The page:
The following discussion reviews congressional policy concerning distribution
of CRS products to the public and addresses issues for consideration by the Congress
in determining whether to alter current policy regarding public availability of various
CRS products, such as Reports and Issue Briefs.
As set forth below, CRS at present is precluded by law from general public
distribution of its materials without prior approval by a congressional oversight
committee. The Congress has actively exercised its oversight authority regarding
CRS publication practices and has developed and promulgated standards to be applied
in evaluating specific proposals. Current guidelines from the Joint Committee on the
Library and other congressional bodies, issued in 1980, restrict the vast majority of
CRS written products to congressional use and distribution to the public on a
selective basis only.
Many years of congressional consideration of this issue reveal serious concerns
about the institutional and legal consequences likely to result from the wholesale
direct public distribution of CRS products with a potentially large circulation (e.g.,
CRS Reports and Issue Briefs).
March 9, 1999
CONGRESSIONAL POLICY CONCERNING THE
DISTRIBUTION OF CRS WRITTEN PRODUCTS
TO THE PUBLIC
I. BACKGROUND ON CURRENT CONGRESSIONAL POLICY
CONCERNING THE DISTRIBUTION OF CRS WRITTEN PRODUCTS TO
B. Current Restrictions and Guidelines.
- Congress has historically reserved to itself control over the dissemination
of CRS products to the public on the principle that CRS, as an extension
of congressional staff, works exclusively for the Congress.
- To maintain congressional control over dissemination, a provision has been
included in CRS annual appropriations acts since FY1952 requiring prior
oversight committee approval for any CRS publication (as noted above,
"publication" refers to wholesale release of CRS products directly to the
public). For the current version of this provision, see Pub. L. 105-55, 111 Stat. 1190 (1997).
- Congress has never authorized the wholesale public dissemination of CRS
analytical products such as Reports or Issue Briefs (and has seldom
authorized publication of other products), whether by CRS or the
Congress, but rather has preferred to rely on congressional release of
individual products on a case-by-case basis.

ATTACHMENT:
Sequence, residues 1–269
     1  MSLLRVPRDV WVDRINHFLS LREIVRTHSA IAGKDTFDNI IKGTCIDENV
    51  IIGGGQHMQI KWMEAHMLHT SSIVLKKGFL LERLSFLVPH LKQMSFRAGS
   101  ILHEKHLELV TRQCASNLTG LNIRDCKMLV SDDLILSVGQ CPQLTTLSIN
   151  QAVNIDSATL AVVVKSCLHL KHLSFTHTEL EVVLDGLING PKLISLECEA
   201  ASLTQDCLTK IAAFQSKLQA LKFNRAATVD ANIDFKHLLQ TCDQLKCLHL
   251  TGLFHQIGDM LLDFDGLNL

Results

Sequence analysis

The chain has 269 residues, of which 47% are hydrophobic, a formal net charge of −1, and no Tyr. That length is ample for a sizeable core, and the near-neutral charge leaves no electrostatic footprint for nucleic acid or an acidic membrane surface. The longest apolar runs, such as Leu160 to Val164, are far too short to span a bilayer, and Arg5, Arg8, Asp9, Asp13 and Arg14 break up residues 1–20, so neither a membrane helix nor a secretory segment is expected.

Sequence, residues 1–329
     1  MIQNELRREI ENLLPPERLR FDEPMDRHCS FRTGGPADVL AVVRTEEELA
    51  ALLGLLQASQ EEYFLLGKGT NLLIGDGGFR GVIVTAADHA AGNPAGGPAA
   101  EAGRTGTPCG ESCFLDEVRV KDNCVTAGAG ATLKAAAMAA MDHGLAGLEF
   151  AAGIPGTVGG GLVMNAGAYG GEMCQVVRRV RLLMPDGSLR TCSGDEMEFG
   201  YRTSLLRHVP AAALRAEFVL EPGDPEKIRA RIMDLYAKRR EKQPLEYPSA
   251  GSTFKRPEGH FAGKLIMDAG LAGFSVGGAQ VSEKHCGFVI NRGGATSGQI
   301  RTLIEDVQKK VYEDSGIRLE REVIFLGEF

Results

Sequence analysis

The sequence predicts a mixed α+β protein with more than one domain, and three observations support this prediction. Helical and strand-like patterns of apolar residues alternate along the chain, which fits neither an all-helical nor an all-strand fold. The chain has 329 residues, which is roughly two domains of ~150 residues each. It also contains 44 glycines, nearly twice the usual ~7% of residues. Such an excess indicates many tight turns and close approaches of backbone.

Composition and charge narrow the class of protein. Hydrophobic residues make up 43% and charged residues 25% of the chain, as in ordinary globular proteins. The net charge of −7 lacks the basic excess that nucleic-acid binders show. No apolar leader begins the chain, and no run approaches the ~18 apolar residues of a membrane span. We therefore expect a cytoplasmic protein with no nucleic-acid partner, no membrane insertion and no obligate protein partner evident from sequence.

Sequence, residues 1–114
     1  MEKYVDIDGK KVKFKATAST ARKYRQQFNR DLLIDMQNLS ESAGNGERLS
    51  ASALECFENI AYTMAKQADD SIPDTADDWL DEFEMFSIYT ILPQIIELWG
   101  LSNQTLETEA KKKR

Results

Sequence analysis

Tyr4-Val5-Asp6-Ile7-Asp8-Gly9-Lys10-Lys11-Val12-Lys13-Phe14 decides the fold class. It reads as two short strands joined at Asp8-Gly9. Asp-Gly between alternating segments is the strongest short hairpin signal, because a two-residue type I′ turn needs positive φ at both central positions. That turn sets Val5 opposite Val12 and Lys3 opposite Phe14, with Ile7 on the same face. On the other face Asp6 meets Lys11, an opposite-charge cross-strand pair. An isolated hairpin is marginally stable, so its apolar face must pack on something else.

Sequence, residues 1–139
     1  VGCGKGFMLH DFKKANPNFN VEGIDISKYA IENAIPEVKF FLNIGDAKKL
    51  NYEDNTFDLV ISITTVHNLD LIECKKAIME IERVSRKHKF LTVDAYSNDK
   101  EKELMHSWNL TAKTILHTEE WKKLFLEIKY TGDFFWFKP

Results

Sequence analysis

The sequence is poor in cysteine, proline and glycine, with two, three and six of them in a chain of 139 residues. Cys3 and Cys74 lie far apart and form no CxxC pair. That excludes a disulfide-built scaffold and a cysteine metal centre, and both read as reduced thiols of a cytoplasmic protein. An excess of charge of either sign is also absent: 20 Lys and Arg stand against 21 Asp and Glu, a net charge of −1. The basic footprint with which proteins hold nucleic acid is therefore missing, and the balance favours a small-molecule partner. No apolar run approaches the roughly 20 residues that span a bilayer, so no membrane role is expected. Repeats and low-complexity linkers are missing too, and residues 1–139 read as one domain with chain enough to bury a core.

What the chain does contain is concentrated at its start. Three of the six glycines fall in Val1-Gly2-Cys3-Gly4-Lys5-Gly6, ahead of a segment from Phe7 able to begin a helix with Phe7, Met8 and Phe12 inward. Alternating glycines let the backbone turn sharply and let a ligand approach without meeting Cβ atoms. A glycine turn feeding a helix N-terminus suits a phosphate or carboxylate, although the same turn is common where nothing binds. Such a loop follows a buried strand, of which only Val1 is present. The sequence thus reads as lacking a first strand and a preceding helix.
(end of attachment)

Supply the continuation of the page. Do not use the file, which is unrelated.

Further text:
- To further indicate the degree of congressional control over CRS products,
Congress, the courts, and administrative tribunals have declared CRS
communications to the Congress to be privileged under the Speech or
Debate Clause of the Constitution and to be under the custody and control
of the Congress. These determinations have assured the maintenance of
confidentiality in CRS relationships with congressional clients, a critical
element of CRS effectiveness and an expectation of those who seek its
At present, CRS is precluded by law from general public distribution of its
materials without prior approval by one of its two congressional oversight
committees. This restriction results from a limitation that has appeared in CRS'
annual appropriations acts in each year since FY 1952. This provision reads as
"Provided, that no part of this appropriation may be used to pay any salary or
expense in connection with any publication, or preparation of material therefor
(except the Digest of Public General Bills), to be issued by the Library of
Congress unless such publication has obtained prior approval of either the
Committee on House Oversight or the Senate Committee on Rules and
The most recent policy statement from Congress regarding the publication of
CRS written products came in 1980. In a communication, dated March 21, 1980, the
Joint Committee on the Library reaffirmed:
"Congressional policy that the circulation of CRS materials prepared specifically
for congressional use be limited to the Congress, and that the long-standing
policy of confidentiality in the work of CRS for individual congressional clients
should be maintained. We believe that, as in the past, CRS and its oversight
committees should consider the publication of only those CRS products whose
release to the general public would be compatible, both in terms of cost and
product content, with the CRS's obligations to the Congress."
This Senate Resolution directed the Senate Legal Counsel to
represent the Senate and CRS in respect to a Federal Trade Commission administrative law judge’s “sweeping
subpoena [on behalf of oil companies involved in a FTC proceeding] to the Congressional Research Service for
documents which discuss the oil industry and governmental policy in relation to it.” Id. The Resolution stated
that “the communications between the Congressional Research Service and the members and committees of